by Cody McLaughlin - Monday, July 19, 2021
Big stakes have hit the initiative petition process in Oregon after a controversial measure to criminalize hunting, fishing and other activities moved into the signature-gathering phase. If it makes it onto the November 2022 ballot and passes, Initiative Petition (IP) 13—known as the “Abuse, Neglect and Assault Exemption Modification and Improvement Act to amend Chapter 167 of the Oregon Revised Statutes”—would ban and criminalize all hunting, fishing, trapping and regulated animal husbandry and farming practices under the state’s animal cruelty laws. The lone exception: self-defense against an animal presenting an “apparent threat of immediate violence.”The activities IP 13 would prohibit include:
“IP 13 would have a fatal effect on the conservation of Oregon’s natural resources by making hunting and fishing licenses a relic of the past,” said Aoibheann Cline, the lead NRA attorney and Oregon State Director involved in fighting IP 13. “The Oregon Department of Fish and Wildlife, whose mission is to protect and enhance Oregon's fish and wildlife and their habitats for use and enjoyment by present and future generations, derives one-third of its annual revenue through the sale of hunting and fishing licenses. Elimination of this funding source will have a detrimental impact on wildlife management, fish and wildlife populations, habitat restoration and equitable access to the outdoors.”
The full text of the initiative’s language can be found here.
What’s Next in This Fight?
IP 13, widely panned by state and national newspapers as both “ridiculous” and “something you have to take seriously,” is hurtling toward making the 2022 ballot. On June 21, the Oregon Attorney General’s office revised the ballot language based on comments submitted by a coalition of sporting groups including the Oregon Hunters Association, Rocky Mountain Elk Foundation, Wild Sheep Foundation, Oregon Outdoor Council, Oregon Chapter of Backcountry Hunters and Anglers, Oregon Trappers Association, Sportsmen’s Alliance, National Wild Turkey Federation and the Congressional Sportsmen’s Foundation.
On July 6, a key deadline to appeal the certified ballot language passed with no appeals being filed. As such, the certified ballot language stands as is and the clock begins for the proponents to gather the 112,020 signatures needed by June 2022 to place the initiative on the November 2022 ballot. The pro-side is being spearheaded by dark-money group End Animal Cruelty led by Oregon anti-hunting extremist David Michelson. The group currently has just $2,500 cash on hand, which is expected to change quickly due to Oregon’s lax campaign financing laws.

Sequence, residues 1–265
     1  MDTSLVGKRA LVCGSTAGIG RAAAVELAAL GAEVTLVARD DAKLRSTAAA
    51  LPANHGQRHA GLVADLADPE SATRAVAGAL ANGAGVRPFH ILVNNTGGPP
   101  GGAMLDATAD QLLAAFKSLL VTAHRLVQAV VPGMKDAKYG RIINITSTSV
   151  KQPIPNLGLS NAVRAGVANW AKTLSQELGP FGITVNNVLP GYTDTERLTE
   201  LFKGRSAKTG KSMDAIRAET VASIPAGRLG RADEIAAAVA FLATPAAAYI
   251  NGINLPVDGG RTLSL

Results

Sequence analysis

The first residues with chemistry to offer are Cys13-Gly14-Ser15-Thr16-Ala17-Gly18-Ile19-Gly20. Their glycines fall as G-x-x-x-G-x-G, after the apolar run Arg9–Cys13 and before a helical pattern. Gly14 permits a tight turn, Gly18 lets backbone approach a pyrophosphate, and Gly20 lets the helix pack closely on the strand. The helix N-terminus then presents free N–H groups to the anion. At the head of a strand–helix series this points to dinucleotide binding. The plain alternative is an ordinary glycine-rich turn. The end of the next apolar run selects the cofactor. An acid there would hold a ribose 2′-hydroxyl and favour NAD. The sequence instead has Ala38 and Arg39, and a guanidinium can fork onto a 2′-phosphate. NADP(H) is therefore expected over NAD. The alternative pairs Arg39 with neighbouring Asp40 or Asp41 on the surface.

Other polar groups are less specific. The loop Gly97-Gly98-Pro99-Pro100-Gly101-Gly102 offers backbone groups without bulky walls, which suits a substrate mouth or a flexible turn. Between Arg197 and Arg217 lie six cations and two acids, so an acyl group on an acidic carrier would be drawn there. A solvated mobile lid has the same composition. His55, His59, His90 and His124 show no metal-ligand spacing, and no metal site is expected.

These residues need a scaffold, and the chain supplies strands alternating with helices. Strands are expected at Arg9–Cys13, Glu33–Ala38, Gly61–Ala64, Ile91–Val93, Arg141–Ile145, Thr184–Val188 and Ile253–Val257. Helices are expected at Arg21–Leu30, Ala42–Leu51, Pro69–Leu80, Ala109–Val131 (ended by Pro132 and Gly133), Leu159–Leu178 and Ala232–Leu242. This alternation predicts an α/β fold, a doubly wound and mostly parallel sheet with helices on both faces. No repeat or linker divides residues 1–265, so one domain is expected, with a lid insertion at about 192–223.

The Importance of Getting out the Vote
Oregon’s ballot measure process is among the strongest in America, giving citizens—and sometimes extremists—broad power to enact laws through a public vote. We have seen this used to hurt Oregon hunters before, with the 1994 passage of Measure 18 (by just 3 percent of the vote, or just over 43,500 votes) that banned the hunting of bears over bait and with dogs. Now Oregon hunters are faced with the fight of their lives, this time against a full-out ban-and-criminalization of the sporting lifestyle.
This petition should be a wake-up call to all hunters, fishermen, trappers, farmers, veterinarians, members of the public who enjoy a steak, dairy products, eggs or fish or really any Oregonian with common sense. This initiative is real. If it is not stopped before the ballot, Oregonians had better be registered to vote as their lifestyle, and in some cases livelihoods, will depend on defeating it next November.
About the Author
A recent new resident of Alaska, Cody McLaughlin is a conservationist advocate on public policy issues including hunting, fishing, gun rights, free-market tax and wage policy and the environment. He works as a GOP consultant for conservative political causes, managing clients’ digital communications and online presence and as a trustee of the New Jersey Outdoor Alliance, helping to represent the state’s 1.2 million sportsmen in the political arena.
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